Service Needs Among Latino Immigrant Families: Implications for Social Work Practice
Methods: Participants were recruited from a community based agency in Phoenix Arizona that provides services to Latino immigrant families. Seven focus groups with 52 Latino parents were completed following the passage of SB1070. Participants were first generation immigrant mothers (n = 45, 86.5%), of Mexican heritage (n=51) with an average of 3 children, and had resided in the U.S. an average of 11 years (SD = 5.690). A semi-structured interview guide was used to facilitate the focus groups on needed services to promote family well-being. Participants were asked for examples and probing questions as needed. Throughout the analysis a constant comparative approach was used within and between focus group transcripts (Charmaz, 2006; Strauss & Corbin, 1990). The transcripts were (re)read, labeled, and categorized using open coding. To enhance trustworthiness, (a) multiple coders independently analyzed the data and subsequently arrived at consensus regarding coding schemes and definitions; (b) member checks were completed with a randomly selected subgroup of participants (n=15 within two focus groups) to present preliminary findings and assess if findings were consistent with their experiences (Armour, Rivaux, & Bell, 2009); (c) quotes are used extensively to support the credibility of the findings.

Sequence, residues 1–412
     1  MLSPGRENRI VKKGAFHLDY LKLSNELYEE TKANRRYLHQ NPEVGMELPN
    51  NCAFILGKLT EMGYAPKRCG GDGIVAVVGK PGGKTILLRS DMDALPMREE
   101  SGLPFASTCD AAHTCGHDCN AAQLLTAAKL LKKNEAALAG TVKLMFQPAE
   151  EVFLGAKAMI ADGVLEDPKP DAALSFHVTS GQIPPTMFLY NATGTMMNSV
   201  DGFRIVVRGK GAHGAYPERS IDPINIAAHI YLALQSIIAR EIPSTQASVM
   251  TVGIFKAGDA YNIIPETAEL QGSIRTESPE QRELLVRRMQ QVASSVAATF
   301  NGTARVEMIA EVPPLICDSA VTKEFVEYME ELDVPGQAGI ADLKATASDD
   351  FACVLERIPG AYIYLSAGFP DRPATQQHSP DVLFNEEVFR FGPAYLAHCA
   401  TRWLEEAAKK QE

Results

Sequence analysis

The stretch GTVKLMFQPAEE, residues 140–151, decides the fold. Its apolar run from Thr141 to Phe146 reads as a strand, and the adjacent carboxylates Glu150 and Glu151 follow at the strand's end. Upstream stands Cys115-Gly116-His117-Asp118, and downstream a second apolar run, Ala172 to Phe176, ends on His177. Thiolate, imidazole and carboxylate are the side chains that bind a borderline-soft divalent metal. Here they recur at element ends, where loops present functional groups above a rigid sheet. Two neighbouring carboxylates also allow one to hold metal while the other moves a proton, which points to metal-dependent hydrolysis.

Results: Findings reveal five major categories of need: mental health, physical health care, education, information, and community efforts. Immigration related factors such as documentation status, anti-immigrant sentiment, discrimination, and family separation due to deportation played a crucial role throughout their narratives. Their narratives reveal that families need assistance navigating systems of care, coping with discrimination and oppressive environments, strengthening ties among community members, and advocating for policy change.
Conclusions & Implications: The political climate has heightened the need for services among immigrant families (e.g., mental health services and advocacy support) while also creating additional barriers to services (e.g., use of discriminatory practices). In our mission for social justice we need to assess policies and practices that marginalize and oppress communities and look for opportunities to intervene and collaborate with such communities. Additional research is needed to assess the long term impact of anti-immigrant sentiment and exclusionary practices that prevent access to services on families’ well-being, including children’s development.